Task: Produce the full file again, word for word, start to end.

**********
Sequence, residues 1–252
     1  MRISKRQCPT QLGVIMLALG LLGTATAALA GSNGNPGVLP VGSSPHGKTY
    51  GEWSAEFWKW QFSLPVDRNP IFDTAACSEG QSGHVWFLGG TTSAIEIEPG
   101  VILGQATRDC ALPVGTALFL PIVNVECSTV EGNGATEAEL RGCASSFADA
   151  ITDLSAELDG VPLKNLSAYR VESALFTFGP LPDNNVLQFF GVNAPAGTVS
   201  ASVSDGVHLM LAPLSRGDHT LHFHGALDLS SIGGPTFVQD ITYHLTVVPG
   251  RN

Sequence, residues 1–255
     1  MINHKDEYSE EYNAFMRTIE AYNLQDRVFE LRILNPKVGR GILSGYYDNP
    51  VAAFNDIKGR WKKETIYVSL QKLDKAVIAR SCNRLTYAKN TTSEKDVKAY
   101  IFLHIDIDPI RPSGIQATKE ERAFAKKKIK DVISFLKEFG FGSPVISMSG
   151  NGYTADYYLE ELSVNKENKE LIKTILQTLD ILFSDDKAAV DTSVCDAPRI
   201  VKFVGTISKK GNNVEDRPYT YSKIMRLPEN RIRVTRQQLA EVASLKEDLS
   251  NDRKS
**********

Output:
Sequence, residues 1–252
     1  MRISKRQCPT QLGVIMLALG LLGTATAALA GSNGNPGVLP VGSSPHGKTY
    51  GEWSAEFWKW QFSLPVDRNP IFDTAACSEG QSGHVWFLGG TTSAIEIEPG
   101  VILGQATRDC ALPVGTALFL PIVNVECSTV EGNGATEAEL RGCASSFADA
   151  ITDLSAELDG VPLKNLSAYR VESALFTFGP LPDNNVLQFF GVNAPAGTVS
   201  ASVSDGVHLM LAPLSRGDHT LHFHGALDLS SIGGPTFVQD ITYHLTVVPG
   251  RN

Sequence, residues 1–255
     1  MINHKDEYSE EYNAFMRTIE AYNLQDRVFE LRILNPKVGR GILSGYYDNP
    51  VAAFNDIKGR WKKETIYVSL QKLDKAVIAR SCNRLTYAKN TTSEKDVKAY
   101  IFLHIDIDPI RPSGIQATKE ERAFAKKKIK DVISFLKEFG FGSPVISMSG
   151  NGYTADYYLE ELSVNKENKE LIKTILQTLD ILFSDDKAAV DTSVCDAPRI
   201  VKFVGTISKK GNNVEDRPYT YSKIMRLPEN RIRVTRQQLA EVASLKEDLS
   251  NDRKS